On the recommendation of Manolo, a member of the Matadors boxing club (Cortez and Noble) who once did some work for Daniel, we try La Condesa, a block south of El Barco. Coffee is weak (a cheap U.S. blend, not Bustello), chips stale, but flour tortillas are served underneath the eggs, not on the side. Price is the same: $14 breakfast for two, including tip. Decide tomorrow to return to our first choice, and continue the interview there.
Daniel agrees that we should meet every morning in the coming week, and let the day-to-day record give form to the interview. Instead of the usual Q&A, we'll record what happens to each of us, each day. Much of it will be trivial, no doubt, but these details are the texture of life.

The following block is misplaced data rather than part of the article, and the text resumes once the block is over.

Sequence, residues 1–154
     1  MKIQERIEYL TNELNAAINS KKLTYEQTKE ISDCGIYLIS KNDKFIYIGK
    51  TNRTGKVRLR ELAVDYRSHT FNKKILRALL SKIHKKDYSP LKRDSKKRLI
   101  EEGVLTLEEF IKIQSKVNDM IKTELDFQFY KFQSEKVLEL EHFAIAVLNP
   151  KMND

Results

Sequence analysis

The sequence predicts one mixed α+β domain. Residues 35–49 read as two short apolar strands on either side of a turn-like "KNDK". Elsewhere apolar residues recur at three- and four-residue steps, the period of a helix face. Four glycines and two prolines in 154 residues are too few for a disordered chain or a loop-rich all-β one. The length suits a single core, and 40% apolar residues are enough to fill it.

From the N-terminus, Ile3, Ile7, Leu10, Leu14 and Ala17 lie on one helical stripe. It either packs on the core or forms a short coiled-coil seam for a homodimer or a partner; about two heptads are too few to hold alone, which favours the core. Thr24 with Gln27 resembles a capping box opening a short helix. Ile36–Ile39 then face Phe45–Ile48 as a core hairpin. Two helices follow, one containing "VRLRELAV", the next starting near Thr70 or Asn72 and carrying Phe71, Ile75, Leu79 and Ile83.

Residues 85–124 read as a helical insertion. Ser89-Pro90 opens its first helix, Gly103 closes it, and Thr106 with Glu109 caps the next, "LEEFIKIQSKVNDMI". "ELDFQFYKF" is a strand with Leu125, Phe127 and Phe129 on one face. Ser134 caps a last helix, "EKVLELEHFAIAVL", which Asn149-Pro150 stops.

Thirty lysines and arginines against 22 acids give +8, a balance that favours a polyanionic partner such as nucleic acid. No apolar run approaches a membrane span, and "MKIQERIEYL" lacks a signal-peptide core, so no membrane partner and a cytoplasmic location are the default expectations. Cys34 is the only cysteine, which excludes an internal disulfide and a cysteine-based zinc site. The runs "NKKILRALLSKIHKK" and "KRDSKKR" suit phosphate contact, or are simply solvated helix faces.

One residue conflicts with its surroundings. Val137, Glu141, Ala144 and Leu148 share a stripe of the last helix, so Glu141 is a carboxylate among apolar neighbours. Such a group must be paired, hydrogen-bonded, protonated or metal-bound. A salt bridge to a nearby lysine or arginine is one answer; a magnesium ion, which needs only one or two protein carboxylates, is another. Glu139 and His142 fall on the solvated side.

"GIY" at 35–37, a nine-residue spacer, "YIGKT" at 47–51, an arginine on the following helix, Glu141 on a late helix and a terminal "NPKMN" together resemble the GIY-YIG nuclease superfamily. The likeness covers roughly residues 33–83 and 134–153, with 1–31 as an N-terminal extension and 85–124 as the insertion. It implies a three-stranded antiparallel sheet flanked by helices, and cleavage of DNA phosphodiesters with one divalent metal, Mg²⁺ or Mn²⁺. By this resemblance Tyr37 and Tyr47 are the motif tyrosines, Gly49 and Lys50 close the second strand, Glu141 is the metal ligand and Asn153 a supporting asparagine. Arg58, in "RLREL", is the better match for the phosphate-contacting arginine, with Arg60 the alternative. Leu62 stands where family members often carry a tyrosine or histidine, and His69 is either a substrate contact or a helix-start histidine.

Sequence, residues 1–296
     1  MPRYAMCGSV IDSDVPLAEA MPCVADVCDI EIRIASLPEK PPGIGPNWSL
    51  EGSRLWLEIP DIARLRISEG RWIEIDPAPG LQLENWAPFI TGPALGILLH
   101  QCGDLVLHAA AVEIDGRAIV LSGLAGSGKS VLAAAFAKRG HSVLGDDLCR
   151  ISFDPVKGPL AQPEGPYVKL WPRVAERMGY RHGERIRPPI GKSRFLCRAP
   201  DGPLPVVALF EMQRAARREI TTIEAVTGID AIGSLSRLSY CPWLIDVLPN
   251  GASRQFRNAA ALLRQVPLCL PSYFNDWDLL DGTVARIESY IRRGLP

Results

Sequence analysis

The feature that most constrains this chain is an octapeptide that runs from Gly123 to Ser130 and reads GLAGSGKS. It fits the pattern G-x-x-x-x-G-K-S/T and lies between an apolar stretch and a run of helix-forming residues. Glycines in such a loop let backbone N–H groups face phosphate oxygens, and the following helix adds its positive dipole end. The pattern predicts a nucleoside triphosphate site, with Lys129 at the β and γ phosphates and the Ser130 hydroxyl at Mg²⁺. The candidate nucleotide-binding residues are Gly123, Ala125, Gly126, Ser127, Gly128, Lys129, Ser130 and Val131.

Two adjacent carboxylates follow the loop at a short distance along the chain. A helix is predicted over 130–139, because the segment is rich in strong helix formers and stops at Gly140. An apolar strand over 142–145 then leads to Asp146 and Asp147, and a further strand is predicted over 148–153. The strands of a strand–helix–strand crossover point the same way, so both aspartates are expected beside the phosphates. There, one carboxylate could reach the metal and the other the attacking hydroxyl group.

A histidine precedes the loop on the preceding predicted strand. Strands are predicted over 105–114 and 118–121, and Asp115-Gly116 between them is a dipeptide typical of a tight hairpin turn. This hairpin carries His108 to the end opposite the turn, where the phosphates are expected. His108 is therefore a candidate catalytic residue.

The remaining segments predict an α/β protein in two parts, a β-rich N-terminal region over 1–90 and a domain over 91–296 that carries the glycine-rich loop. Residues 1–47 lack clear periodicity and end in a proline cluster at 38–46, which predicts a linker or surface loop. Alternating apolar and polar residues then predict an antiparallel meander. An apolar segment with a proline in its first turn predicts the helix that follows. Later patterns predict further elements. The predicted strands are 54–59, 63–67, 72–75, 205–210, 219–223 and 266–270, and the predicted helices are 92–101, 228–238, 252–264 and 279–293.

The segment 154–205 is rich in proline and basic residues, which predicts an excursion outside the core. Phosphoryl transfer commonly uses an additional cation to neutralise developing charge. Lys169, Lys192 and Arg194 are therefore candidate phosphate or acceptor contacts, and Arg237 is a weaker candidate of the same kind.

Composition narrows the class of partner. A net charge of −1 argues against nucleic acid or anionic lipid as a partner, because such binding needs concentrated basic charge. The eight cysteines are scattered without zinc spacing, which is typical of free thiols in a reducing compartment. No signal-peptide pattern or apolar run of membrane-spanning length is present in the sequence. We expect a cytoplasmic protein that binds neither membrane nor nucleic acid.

Particularly as it is lived by Daniel. A spartan set of rooms on Cortez (400 square feet at $350 a month); savings earned working periodically for Leitner in Stuttgart are converted to US$ and spent in Chicago; no salary; no patron; no university position. No need to pay taxes (his income falls below the German minimum of 20,000 Marks; in fact it comes out negative, since he is allowed by law to deduct "standard" amounts for stays in foreign countries – 225 per diem).
Henry Caderey used to build sticks out of wood, colored in patterns with always one built-in mistake. In the sixties he would walk into NY openings (not his, he never showed there) and lean his artwork on the walls. A temporary intervention. One show in Köln featured him walking through the city with a seven-foot stick on his shoulder, according to a schedule.
Daniel agrees to record all daily expenses during the term of the interview.